3. Log into Edge and note that the proxy has been created. Then follow the instructions to create a product with your newly created proxy. You can now configure standard Apigee Edge policies on that proxy.

apigee-bind-mgc Reference

Use the apigee-bind-mgc command to generate an API proxy on Apigee Edge and to bind the Cloud Foundry service to the proxy.

The command requires your Apigee Edge credentials in order to create and bind to an API proxy. You can specify credentials either with a bearer token or by giving a username and password at the command line. To use a token, you must provide the --bearer argument.

To be prompted for argument values (and provide a username and password at prompts), use the command without arguments.

$ cf apigee-bind-mgc

To specify arguments on the command line, use the following syntax (be sure to use quotes and command expansion, as shown here):

$ cf apigee-bind-mgc [--app APP_NAME] [--service SERVICE_INSTANCE] \
    [--apigee_org APIGEE_ORGANIZATION] [--apigee_env APIGEE\_ENVIRONMENT] \ 
    [--edgemicro_key EDGEMICRO_KEY] [--edgemicro_secret EDGEMICRO_SECRET] \
    [--target_app_route TARGET_APP_ROUTE] [--target_app_port TARGET_APP_PORT] \ 
    [--action ACTION] [--user APIGEE_USERNAME] [--pass APIGEE_PASSWORD] \
    [--bearer APIGEE_BEARER_TOKEN]

Parameters for the -c argument specify connection details:

Parameter Purpose Allowed Values
action A value specifying whether to create or bind an API proxy proxy to generate an API proxy; bind to bind the service with the proxy; proxy bind to generate the proxy and bind with a single command.
apigee_env Apigee Edge environment to which the API proxy is (or will be) deployed Your environment.
apigee_org Apigee Edge organization hosting the API proxy to be called Your organization (must be reachable via the authentication token specified in the bearer parameter).
app Name of the Cloud Foundry application to bind to. The app name.
bearer Path to a file containing an authentication token valid for your organization An authentication token, such as one generated with Apigee’s get_token command. The broker does not store any data; it requires credentials and other parameters for each individual cf command. Instead of a bearer token, credentials can also be expressed as:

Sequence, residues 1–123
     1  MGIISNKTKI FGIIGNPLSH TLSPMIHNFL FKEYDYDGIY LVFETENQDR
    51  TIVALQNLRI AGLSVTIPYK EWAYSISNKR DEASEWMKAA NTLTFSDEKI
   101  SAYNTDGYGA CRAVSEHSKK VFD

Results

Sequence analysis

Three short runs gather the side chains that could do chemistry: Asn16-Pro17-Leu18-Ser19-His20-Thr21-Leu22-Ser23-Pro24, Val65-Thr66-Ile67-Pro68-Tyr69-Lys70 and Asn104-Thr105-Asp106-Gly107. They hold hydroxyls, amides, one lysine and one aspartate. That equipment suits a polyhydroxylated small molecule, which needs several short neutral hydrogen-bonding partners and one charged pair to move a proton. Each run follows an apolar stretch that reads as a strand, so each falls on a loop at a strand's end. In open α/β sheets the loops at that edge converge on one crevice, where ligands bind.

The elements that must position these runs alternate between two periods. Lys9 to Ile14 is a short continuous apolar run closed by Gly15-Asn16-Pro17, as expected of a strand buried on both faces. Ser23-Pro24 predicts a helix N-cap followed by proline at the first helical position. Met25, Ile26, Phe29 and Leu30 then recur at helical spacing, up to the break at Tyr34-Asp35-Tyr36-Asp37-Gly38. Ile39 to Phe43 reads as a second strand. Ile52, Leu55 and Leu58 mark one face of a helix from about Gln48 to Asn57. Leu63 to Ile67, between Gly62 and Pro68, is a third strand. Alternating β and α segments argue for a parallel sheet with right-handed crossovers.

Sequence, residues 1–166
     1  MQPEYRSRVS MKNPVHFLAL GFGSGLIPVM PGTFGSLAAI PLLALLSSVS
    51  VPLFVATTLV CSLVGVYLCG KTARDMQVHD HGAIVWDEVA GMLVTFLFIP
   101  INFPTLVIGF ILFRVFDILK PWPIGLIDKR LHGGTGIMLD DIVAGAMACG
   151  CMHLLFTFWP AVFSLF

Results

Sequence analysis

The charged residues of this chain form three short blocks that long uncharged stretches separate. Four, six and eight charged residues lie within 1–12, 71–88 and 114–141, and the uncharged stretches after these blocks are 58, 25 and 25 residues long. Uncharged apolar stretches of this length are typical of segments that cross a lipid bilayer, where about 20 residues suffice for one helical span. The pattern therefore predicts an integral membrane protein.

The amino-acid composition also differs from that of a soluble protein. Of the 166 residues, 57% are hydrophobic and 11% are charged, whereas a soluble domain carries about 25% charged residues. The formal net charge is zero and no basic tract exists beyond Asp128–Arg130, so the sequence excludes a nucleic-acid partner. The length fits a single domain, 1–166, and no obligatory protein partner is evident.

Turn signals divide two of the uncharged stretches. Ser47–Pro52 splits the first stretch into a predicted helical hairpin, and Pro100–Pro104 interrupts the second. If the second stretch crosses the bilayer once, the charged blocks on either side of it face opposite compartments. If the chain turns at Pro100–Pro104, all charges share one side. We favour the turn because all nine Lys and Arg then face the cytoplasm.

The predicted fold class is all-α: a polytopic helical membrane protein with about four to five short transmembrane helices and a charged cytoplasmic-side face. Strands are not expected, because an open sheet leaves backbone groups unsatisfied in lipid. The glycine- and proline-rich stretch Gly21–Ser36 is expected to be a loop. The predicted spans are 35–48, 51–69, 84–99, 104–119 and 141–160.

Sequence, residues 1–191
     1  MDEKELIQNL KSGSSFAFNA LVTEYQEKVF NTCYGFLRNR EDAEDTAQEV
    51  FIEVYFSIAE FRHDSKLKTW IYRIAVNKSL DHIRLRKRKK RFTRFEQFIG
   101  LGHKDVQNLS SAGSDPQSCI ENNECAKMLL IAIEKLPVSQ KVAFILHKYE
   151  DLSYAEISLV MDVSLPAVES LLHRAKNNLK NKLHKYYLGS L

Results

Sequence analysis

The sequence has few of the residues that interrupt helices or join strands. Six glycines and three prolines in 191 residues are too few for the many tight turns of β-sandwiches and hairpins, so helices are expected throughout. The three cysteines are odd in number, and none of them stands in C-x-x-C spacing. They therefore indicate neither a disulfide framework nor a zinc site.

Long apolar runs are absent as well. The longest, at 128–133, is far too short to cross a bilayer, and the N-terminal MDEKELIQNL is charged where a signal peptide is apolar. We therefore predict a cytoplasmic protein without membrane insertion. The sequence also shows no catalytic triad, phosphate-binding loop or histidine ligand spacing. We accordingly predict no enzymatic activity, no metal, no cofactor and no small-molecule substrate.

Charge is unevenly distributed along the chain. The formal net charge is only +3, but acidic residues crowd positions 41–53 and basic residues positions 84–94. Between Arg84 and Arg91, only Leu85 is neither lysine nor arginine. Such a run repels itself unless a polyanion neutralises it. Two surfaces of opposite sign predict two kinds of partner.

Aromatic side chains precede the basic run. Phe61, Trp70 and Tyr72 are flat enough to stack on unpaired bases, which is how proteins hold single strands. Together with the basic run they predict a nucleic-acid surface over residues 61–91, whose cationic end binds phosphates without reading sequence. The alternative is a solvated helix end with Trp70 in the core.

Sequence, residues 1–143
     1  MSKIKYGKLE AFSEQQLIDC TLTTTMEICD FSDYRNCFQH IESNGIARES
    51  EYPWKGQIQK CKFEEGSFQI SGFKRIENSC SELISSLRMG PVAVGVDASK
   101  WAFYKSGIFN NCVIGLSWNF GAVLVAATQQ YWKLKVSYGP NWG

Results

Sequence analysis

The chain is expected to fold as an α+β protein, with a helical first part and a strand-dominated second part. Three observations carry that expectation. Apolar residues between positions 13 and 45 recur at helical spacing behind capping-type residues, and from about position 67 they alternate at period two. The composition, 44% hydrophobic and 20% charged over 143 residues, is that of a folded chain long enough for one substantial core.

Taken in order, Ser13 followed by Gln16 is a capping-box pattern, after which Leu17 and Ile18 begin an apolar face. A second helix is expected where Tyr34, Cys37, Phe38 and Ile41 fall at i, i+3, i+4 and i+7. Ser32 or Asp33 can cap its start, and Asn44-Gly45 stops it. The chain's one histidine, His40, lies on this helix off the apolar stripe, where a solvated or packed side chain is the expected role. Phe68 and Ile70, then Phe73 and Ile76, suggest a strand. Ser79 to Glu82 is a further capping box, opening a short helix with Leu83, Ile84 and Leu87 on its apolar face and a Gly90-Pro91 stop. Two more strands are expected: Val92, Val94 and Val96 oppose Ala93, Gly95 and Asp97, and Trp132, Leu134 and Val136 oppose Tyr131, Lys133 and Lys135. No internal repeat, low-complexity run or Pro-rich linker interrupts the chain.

• basic: standard HTTP Base-64 encoded username and password for Authorization: Basic. Note that this is not encrypted and easily converted to clear text. But a jumble of digits and letters may provide some protection in case of momentary exposure (but no better than if the password is already a jumble of digits, letters, and symbols)
  • username and password in clear text
edgemicro_key The key for your Apigee Edge Microgateway configuration (returned when you configured the Apigee Microgateway). The configuration key.
edgemicro_secret The secret for your Apigee Edge Microgateway configuration (returned when you configured the Apigee Microgateway). The configuration secret.
pass Apigee password. Not used if you pass a bearer token with the –bearer argument. Your password.
service Name of the Apigee service to bind to. The service name.
target_app_port Port for your Cloud Foundry app. This may not be 8080 nor the PORT environment variable. The port number.
target_app_route The URL for your Cloud Foundry app. The app URL.
user Apigee user name. Not used if you pass a bearer token with the –bearer argument. Your user name.

Step 5: Test the Binding

Once you’ve bound your app’s path to the Apigee service (creating an Apigee proxy in the process), you can try it out with the sample app.

  • From a command line run the curl command you ran earlier to make a request to your Cloud Foundry app you pushed, such as:

    $ curl https://sample-api-apigee.cfapps.pivotal.io 
        {“hello”:“hello from cf app”}

    The console outputs the app’s response.

The new proxy is just a pass-through, but it is now ready for you or someone on your team to add policies to define security, traffic management, and more.

Help or comments?